• […] Welcoming bicycle tourists should go beyond a friendly attitude and amenities from business owners, though those two things certainly make a big difference. […]

    June 06, 2011
  • KTB

    Great article! I’m sure a lot of businesses will find this helpful and reap the benefits!

    Way to go you 2!

    April 20, 2012
  • Robert N

    Would like to know if there is somewhere that a business can get themselves listed as a bicycle friendly business. Is there an organization that is keeping a list that would allow us cyclists to go on line and check for the area that we were in and see if there was someone that has listed some of the things that they offer for cyclists? It might be a good and worthwhile thing to do if nobody has started it.

    August 05, 2013
  • Thanks always for a great article and great ideas. I’ve been stashing floor pumps at businesses for cyclists to use and now businesses are asking for them. An idea that I got from your blog. Thank you for sharing and writing your blog. I hope to see you in Charlotte, NC sometime soon.

    April 16, 2014
  • Charlie Roop

    On my bike tours I’ve never really felt the need to lock up with a heavy duty lock except in a larger city – and I don’t even own a u-lock. I’ve never come across a motel I stayed at that would not permit me to bring my bike in. One in Cumberland Md even was so generous that they had a bike wash for guests.

    I’ve also had quite a few campgrounds with bike rates that made it difficult NOT to spend a number of days there relaxing and exploring. Especially some of the ones that really went above and beyond – one driving me in to town for groceries because it was storming by the time I got there.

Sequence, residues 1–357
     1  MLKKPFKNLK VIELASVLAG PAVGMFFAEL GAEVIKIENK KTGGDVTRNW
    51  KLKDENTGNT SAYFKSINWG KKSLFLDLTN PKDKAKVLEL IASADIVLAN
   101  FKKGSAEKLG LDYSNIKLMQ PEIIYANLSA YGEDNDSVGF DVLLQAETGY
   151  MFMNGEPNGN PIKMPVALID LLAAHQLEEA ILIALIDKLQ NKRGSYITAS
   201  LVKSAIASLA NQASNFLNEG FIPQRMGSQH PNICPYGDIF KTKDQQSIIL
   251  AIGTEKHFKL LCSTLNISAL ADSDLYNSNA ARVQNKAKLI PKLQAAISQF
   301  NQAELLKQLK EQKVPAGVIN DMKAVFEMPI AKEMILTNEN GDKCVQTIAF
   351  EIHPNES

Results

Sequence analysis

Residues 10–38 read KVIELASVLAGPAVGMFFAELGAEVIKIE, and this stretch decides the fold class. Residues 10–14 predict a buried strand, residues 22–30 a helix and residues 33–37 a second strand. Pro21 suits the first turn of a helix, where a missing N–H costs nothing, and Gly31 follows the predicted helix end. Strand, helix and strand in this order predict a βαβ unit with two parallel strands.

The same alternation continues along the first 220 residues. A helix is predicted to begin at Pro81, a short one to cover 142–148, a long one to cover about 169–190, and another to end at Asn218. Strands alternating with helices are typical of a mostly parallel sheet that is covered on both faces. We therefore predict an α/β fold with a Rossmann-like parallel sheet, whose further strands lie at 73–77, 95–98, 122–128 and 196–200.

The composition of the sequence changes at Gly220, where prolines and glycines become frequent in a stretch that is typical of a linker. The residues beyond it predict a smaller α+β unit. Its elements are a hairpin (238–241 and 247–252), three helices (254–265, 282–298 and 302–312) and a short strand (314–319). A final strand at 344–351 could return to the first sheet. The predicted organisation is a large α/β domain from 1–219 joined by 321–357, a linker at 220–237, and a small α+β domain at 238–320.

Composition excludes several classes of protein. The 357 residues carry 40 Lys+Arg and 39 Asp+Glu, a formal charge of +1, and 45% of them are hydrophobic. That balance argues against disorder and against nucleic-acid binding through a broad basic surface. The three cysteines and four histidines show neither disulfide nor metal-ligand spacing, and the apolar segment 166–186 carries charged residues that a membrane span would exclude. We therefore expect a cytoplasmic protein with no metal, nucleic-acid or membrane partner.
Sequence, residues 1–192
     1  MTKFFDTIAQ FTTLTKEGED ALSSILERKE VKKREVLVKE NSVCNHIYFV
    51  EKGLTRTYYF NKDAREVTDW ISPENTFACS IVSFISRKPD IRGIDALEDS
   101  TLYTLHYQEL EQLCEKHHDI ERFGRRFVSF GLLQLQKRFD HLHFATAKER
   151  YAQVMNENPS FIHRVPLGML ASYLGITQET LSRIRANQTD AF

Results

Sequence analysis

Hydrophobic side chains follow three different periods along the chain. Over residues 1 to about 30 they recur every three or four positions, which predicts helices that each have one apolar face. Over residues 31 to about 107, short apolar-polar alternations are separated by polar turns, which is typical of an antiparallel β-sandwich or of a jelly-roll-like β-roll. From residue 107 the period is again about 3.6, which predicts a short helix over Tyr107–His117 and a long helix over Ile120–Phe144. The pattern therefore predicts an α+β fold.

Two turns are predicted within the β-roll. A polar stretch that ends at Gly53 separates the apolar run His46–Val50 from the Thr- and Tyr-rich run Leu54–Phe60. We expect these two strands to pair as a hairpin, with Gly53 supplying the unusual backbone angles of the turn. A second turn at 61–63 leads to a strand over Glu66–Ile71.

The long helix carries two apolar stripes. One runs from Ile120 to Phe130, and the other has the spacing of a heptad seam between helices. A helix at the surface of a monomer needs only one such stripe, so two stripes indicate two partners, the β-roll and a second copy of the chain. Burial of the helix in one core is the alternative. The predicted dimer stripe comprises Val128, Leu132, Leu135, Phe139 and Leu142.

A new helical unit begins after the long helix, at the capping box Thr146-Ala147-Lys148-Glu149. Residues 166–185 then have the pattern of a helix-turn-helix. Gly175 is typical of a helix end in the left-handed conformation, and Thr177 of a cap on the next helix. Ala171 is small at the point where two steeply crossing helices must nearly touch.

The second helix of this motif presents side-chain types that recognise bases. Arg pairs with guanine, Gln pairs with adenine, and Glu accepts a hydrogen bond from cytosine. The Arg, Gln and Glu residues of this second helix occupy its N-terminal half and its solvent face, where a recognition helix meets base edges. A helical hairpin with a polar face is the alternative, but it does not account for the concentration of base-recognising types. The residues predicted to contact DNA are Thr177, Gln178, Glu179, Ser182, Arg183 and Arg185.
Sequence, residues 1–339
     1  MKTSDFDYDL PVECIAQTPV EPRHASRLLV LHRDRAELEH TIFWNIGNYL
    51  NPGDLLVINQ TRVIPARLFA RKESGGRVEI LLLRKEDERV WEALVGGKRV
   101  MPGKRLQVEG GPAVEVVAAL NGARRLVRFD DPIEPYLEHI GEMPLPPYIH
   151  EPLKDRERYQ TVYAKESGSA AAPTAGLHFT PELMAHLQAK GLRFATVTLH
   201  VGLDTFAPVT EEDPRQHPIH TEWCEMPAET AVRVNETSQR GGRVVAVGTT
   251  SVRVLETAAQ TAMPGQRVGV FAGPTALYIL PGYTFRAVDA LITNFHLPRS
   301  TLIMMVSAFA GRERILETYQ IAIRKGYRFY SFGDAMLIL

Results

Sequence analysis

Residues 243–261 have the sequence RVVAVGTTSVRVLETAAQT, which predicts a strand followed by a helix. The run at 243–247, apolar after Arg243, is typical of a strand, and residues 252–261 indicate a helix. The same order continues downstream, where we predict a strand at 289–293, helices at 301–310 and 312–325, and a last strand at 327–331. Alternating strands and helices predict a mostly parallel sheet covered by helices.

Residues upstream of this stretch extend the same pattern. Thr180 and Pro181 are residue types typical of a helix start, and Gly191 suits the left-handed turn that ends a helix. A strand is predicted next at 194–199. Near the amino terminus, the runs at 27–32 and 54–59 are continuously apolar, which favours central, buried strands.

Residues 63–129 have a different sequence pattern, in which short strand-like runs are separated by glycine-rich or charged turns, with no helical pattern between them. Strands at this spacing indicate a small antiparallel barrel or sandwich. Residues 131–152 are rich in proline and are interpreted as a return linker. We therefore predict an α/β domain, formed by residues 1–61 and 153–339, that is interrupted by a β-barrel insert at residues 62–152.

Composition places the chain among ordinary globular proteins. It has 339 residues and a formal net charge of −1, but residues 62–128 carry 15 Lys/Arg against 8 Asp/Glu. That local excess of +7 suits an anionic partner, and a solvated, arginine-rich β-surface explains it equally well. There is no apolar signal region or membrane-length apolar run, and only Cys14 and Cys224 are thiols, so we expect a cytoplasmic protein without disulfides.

April 16, 2014
  • Bill B

    Toured across the country in 2012 from Bar Harbor, ME to Anacortes, WA. Mixed it up with camping and hotel/motel accommodations. Every hotel gave me a safe place to store my bike except for a hostel in Niagra Falls, NY.

    One of the most memorable places was in Wauconda, WA. I had just ridden over Sherman Pass from Kettle Falls into Republic to find the campgrounds and hotels all full. I pressed on over the Wauconda Pass and stopped at a closed Cafe. The owner was inside and although closed and not a camping spot let me set up my tent out back and cooked me dinner. Thanks Maddie!


    April 16, 2014
  • I love this blog and look forward to utilizing every single suggestion in our Bed and Breakfast. We hope it will bring in a lot of byclists to our establishment. Thank You for the tips!

    La Bella de la Riviere Bed and Breakfast
    Newaygo, Michigan

    April 16, 2014
  • Excellent write-up and I really like the anecdote in the last part! I think the attitude probably applies to both, business and bikers alike…
    In general there is probably quite a lot of generosity and hospitality out there, but all too often it might be hidden behind a fence of suspicion distraction. Still, a little honesty and kindness goes a long way indeed…

    April 18, 2014